Washington -- THE DIARIES of Bob Packwood reveal a sordid personal story that the public was never meant to hear.
But the diaries also tell another story that was never intended for citizens to know. It's the story of how our elected leaders in Washington are perpetrating a giant fraud on the people in order to raise and spend tens of millions of dollars in corrupting campaign contributions.
These donations, as large as $100,000, $200,000, even $2 million, come from corporations, unions and wealthy individuals. They are used to buy influence over government decisions of enormous consequence, often at the expense of taxpayers.
During the last election alone, Republicans raised more than $45 million in these funds while the Democrats raised $40 million. It's known as soft money. But it's a con game. Here's how it works.
Corporations and labor unions are prohibited from making contributions to support presidential and congressional campaigns. There are also limits on what individuals and political action committees can give. The law limits the amounts parties can raise, contribute and spend on behalf of federal candidates.
To evade these ceilings, federal politicians -- the president and members of Congress -- join with party operatives and big contributors to create a fantasy world. The Federal Election Commission, which winks and nods at the game, assists them.
In this fantasy world, contributors, solicited by elected officials and their agents, give huge donations, which are not legal in federal campaigns, to national and state political parties. These funds are supposed to be spent only on "general" party activities, like get-out-the-vote drives, and are not to be spent to benefit individual federal candidates.
But in reality, this is a kind of money-laundering operation. The money is run through the parties to try to make it look clean when in fact it is being given and used to help federal candidates.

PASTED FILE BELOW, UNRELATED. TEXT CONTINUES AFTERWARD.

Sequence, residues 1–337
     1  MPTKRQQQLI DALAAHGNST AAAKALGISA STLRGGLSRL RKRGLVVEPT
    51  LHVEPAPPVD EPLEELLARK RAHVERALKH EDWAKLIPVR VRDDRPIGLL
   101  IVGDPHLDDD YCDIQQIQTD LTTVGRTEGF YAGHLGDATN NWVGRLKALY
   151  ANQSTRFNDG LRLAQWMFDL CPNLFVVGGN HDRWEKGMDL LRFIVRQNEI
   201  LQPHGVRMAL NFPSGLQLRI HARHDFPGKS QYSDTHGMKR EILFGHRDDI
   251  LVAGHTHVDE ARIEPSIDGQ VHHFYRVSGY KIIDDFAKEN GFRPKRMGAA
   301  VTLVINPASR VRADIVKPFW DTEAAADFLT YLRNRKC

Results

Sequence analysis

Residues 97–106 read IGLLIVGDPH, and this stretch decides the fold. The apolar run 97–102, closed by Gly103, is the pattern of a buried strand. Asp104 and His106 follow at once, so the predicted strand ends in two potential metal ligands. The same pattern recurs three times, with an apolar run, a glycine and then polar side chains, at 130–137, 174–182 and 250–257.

In what he thought were his private diaries, Mr. Packwood revealed the soft money con for what it is.
He writes about a meeting he had with Sen. Phil Gramm in the spring of 1992. Mr. Packwood was then running for re-election and Mr. Gramm was head of the National Republican Senatorial Committee, the party's fund-raising arm for Senate candidates. Mr. Packwood himself had once led the committee.
Mr. Gramm is described as talking about putting $100,000 into Oregon to support his colleague's campaign. It was soft money.
"What was said in that room would be enough to convict us all of something," Mr. Packwood wrote. The diary adds that Mr. Gramm "says, 'Now, of course, you know there can't be any legal connection between this money and Senator Packwood, but we know that it will be used for his benefit.' "
Mr. Packwood continues, "I think it's a felony, I'm not sure. This is an area of the law I don't want to know."
Mr. Packwood altered this portion of his diary when he turned it over to the Ethics Committee. After this was discovered, he said the initial entry was inaccurate.
The committee, meanwhile, found that the diary raised questions about possible violations of campaign finance laws and asked Mr. Gramm to respond.
Mr. Gramm said that he did nothing improper and that the money went for party voter turnout and registration.
But let's be real. The Senate Republican fund-raising arm has only one purpose: to elect Republicans to the Senate. It raises millions of dollars in soft money that cannot legally be used in Senate elections, and it's not distributing this money to elect state and local candidates.
This is not a one-party problem. The three most powerful people in politics today, Bill Clinton, Newt Gingrich and Bob Dole, are involved in raising soft money. The soft money con is the worst campaign finance abuse today. It is corrupting our government and must be ended.
Fred Wertheimer is the former president of Common Cause.